But support for a proposal on diversity, equity, and inclusion at shipping business UPS was 25 per cent this year, down from 37 per cent in 2022.

The business of shareholder voting has also become engulfed in political fights over the rise of environmental, social and governance (ESG) investing. Florida governor and presidential candidate Ron DeSantis last month signed a law that requires the state’s pension funds to only vote shares on “pecuniary factors”. Senate Republicans in December accused asset managers BlackRock, Vanguard and State Street of using their shareholder voting power “to advance liberal social goals”.

Publicly, large asset managers have said the political attacks have not changed their voting policies, said Matteo Tonello, a managing director at The Conference Board. But, “I do think their response to the backlash has led them to be a little more cautious and sensitive to the implications that these [voting] policies have.”

The picture is different outside the US. Average support for environmental and social proposals at European companies inched up to 11.6 per cent in 2023 from 10.6 per cent last year and 5.5 per cent in 2021, according to data provider Diligent. Fewer shareholder proposals are filed in Europe — only eight environmental or social proposals went to a vote through May 31.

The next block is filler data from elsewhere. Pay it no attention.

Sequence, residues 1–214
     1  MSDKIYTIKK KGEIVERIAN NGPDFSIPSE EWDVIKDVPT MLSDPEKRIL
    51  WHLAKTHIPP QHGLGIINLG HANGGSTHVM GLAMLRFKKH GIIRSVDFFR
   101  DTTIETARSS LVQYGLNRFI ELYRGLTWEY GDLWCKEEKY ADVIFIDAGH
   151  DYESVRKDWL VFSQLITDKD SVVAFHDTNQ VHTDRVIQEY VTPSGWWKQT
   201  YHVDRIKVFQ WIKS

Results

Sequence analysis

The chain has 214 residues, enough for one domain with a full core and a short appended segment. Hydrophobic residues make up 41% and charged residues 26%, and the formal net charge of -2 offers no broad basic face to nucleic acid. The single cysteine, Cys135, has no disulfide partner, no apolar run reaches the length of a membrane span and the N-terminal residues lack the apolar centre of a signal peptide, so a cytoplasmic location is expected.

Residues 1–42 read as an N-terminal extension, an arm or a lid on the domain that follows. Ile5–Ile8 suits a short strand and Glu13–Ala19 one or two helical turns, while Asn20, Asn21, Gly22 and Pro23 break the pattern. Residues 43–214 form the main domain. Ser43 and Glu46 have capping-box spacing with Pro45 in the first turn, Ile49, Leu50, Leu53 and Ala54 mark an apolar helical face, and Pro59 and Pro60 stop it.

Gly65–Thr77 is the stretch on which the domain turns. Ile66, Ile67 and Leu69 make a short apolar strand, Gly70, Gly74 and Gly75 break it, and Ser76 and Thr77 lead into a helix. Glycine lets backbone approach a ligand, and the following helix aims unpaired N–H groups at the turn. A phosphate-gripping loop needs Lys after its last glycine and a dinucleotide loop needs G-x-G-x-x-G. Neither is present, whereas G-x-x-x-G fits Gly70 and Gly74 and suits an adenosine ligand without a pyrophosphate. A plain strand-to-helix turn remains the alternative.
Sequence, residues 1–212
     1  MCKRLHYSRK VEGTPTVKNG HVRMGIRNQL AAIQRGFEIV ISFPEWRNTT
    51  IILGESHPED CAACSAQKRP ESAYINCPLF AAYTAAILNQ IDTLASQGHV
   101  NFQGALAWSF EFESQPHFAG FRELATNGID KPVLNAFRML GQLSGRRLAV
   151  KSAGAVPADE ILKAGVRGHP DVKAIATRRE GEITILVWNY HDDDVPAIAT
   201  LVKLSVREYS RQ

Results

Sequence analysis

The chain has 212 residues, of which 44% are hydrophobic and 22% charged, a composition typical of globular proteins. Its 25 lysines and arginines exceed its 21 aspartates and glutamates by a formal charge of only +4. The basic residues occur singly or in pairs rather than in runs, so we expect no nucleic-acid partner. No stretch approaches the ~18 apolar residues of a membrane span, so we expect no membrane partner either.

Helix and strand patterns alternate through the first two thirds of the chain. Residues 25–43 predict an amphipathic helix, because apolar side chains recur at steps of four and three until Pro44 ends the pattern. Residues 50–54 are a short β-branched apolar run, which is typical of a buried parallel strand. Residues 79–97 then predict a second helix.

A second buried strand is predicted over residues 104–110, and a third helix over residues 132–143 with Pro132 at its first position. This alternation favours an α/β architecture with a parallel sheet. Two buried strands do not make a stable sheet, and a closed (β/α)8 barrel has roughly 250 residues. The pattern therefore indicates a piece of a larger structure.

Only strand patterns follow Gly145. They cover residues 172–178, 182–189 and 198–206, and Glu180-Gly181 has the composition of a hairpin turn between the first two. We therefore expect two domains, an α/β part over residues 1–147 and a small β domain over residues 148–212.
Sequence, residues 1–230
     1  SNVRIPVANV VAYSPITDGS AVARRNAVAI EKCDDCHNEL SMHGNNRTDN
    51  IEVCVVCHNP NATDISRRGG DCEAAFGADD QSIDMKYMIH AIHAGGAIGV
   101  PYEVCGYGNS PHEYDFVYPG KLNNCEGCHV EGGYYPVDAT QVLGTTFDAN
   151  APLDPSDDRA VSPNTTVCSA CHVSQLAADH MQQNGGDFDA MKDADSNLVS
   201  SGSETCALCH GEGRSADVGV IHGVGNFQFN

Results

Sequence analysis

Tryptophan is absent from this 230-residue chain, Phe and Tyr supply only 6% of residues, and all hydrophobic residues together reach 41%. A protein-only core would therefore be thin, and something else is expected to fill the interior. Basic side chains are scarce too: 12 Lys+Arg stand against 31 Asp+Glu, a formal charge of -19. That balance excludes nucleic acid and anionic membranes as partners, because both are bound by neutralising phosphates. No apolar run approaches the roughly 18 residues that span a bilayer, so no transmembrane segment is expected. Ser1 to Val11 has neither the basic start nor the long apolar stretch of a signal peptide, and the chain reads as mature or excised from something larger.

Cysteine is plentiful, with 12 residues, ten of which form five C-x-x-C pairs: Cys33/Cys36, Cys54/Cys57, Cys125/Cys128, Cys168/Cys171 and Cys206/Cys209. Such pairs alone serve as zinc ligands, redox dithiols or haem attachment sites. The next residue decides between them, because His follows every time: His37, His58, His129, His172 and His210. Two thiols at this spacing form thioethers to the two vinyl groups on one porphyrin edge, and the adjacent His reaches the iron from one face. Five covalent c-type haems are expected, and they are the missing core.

Support for environmental and social resolutions outside of Europe and the US stood at 17 per cent this year, up from 11.3 per cent last year, according to Diligent.

US conservative activists have also lodged record numbers of shareholder proposals since the SEC’s policy change. Their issues have also failed to garner support from institutional investors and asset managers.

BlackRock said its shareholder voting has always been focused on delivering “long-term financial value for our clients”. The company’s support for shareholder petitions had dropped last year. Colton of State Street said the asset manager’s voting record has remained “very consistent over the years”.

Vanguard declined to comment.

Abortion-related petitions, filed after the US Supreme Court struck down federal rights to an abortion last year, failed to win more than 12 per cent support at Tenet Healthcare, American Express and Eli Lilly. At the insurance company Travelers, a proposal asking the company to set a deadline to stop underwriting new fossil fuel projects won 8.8 per cent support in May, down from 13 per cent support last year. Proxy adviser Institutional Shareholder Services said the company has disclosed most of what the shareholder petition demanded.

Shareholder proposals are “becoming increasingly prescriptive”, said Brian Bueno of Farient Advisors, a consultancy. For the organisations that typically file the most petitions, “it clearly didn’t work what they were doing this year”, he said. “We will end up seeing that their efforts did not work as well this year as prior years.”

Additional reporting by Brooke Masters in New York